The first lawn care applications of the year are designed to stop grassy weed growth before it germinates.
It’s the kickoff to the lawn care season, and the first application in the annual series is a critical step in preventing stubborn grassy weeds. Pre-emergent herbicides go down as early as January in some areas of the country, and late spring after snow melt in northern and Midwest states. Their purpose is to provide a barrier of protection against crabgrass, goosegrass, foxtail, barnyard grass and even some broadleaf weeds that crop up in the summer, such as oxalis or prostrate spurge.
“For lawn care operators, pre-emergents are the most critical weed control they have the whole season,” says Jason Fausey, research and development specialist at NuFarm. “They really only have one opportunity to make that application, and that’s prior to weeds germinating.”
As with any lawn care application, timing is everything – and that’s tricky business when balancing a generous roster of accounts that essentially need this pre-emergent application during the same relatively narrow window of time. Specifically, that’s before weed seed germination and after soil temperatures level at 55 to 58 degrees at a 1-inch depth for four to five consecutive days.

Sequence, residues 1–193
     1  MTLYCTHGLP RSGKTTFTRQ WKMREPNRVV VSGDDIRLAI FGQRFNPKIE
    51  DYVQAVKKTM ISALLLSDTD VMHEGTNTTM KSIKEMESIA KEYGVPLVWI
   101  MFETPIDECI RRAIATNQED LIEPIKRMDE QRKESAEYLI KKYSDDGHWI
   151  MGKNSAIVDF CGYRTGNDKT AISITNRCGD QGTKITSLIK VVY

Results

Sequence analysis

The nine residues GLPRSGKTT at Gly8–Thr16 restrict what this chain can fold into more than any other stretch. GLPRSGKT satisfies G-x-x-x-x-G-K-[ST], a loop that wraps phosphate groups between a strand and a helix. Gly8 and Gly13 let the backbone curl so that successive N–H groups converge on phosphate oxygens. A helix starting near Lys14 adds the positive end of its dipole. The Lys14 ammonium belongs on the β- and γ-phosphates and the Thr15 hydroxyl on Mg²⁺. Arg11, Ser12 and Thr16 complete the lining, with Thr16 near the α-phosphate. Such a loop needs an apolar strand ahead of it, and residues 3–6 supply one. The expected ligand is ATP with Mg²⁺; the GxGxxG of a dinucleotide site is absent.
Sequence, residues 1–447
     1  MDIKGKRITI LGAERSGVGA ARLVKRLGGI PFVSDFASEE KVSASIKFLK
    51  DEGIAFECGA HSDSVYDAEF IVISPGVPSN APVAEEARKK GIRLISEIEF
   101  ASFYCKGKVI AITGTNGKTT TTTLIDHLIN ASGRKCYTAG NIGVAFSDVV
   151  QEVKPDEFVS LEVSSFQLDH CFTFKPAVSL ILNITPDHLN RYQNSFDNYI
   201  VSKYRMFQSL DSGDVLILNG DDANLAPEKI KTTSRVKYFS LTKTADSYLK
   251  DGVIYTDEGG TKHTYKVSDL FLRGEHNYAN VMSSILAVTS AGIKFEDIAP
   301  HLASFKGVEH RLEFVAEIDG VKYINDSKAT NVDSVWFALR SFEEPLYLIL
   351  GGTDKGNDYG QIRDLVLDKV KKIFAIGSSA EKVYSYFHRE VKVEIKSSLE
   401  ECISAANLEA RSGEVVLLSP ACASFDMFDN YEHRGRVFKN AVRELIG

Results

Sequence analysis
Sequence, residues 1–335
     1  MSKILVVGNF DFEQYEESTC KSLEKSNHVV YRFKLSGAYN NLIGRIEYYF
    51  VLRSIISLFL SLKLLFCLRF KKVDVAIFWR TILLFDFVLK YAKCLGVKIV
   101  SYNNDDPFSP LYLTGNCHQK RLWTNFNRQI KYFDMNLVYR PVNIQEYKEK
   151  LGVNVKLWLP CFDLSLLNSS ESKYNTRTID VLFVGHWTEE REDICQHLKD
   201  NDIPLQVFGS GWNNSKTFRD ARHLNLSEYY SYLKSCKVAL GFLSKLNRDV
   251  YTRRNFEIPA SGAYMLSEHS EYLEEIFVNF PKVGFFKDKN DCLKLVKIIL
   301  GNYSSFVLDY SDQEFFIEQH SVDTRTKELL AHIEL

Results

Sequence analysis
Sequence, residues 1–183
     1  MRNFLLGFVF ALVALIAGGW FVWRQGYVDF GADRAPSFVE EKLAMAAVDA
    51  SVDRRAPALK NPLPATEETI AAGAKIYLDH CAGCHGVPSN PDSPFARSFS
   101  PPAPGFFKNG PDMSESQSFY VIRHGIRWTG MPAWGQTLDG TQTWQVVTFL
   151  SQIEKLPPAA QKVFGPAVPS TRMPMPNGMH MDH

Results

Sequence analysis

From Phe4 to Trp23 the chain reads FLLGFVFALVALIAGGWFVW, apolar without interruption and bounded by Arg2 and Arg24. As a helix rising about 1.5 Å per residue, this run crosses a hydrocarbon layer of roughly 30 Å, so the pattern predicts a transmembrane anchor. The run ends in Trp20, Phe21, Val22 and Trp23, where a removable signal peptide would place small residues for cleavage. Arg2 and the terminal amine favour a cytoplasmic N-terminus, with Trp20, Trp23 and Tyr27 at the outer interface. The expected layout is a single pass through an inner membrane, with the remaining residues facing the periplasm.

“Timing is going to vary across the country, so the key is to monitor those soil temperatures,” says Bobby Walls, product development manager for herbicides and fungicides at FMC.
Also important are application technique and product selection. “This is where the planning comes in,” says Walls, suggesting that LCOs review their pre-emergent herbicide programs in fall, so they’re prepared to dispatch the crews once the ground defrosts.
Still, it’s not too late to seriously evaluate your pre-emergent herbicide protocol, including a review of best practices for application and understanding how tank mixing and adjuvants play into this, and other lawn care applications. Because, as Kyle Miller, senior technical specialist at BASF, points out, “The easiest and cheapest way to battle crabgrass is with a pre-emergent herbicide.”
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Adjuvants: Know what to use and when
Adjuvants are designed to increase the safety and effectiveness of a lawn care treatment, and they include a wide class of products from buffering agents that are used when water pH is not ideal, to penetrants that allow a product to work through the thick gel of a plant or down into the turf canopy. Adjuvants are most often used with post-emergent herbicides that require foliar penetration for efficacy, but they are also used when spraying fungicides or insecticides, says Laurence Mudge, manager of the green solutions team at Bayer.